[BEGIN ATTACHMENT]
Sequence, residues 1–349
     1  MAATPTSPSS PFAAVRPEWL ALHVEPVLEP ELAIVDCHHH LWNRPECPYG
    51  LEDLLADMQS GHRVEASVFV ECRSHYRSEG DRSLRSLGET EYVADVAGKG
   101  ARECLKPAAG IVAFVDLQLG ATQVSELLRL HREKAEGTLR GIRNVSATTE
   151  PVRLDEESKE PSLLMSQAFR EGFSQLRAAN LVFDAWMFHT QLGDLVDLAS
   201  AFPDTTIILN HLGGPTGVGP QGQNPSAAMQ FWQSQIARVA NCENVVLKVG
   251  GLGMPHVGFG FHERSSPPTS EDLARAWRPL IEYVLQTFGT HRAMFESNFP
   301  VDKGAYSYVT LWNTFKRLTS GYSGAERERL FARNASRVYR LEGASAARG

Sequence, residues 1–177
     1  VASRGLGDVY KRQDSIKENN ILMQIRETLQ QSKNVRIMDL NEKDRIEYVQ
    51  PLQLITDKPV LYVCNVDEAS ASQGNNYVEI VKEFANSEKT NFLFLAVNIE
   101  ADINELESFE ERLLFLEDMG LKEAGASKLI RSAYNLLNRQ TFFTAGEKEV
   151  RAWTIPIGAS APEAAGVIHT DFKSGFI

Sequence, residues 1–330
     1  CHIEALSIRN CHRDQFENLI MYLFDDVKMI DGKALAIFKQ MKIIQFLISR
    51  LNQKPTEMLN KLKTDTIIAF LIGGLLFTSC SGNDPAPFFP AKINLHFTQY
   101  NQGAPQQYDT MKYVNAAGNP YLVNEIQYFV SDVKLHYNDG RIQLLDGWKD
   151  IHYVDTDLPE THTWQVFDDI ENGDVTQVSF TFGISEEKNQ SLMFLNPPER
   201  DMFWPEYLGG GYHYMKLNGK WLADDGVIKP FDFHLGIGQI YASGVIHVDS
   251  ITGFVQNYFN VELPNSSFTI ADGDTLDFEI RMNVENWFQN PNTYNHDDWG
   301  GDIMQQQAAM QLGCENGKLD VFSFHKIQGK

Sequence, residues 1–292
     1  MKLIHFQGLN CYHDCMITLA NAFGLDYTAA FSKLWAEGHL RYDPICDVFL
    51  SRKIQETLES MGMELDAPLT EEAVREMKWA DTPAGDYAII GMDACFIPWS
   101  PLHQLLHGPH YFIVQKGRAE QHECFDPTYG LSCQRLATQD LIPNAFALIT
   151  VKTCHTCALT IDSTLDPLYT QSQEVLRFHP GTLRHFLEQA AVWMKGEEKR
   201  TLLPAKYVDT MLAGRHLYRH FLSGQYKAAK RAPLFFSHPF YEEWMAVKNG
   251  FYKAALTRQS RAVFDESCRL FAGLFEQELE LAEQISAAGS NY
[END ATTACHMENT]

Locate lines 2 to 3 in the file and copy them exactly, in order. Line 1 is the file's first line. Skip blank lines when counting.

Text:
     1  MAATPTSPSS PFAAVRPEWL ALHVEPVLEP ELAIVDCHHH LWNRPECPYG
    51  LEDLLADMQS GHRVEASVFV ECRSHYRSEG DRSLRSLGET EYVADVAGKG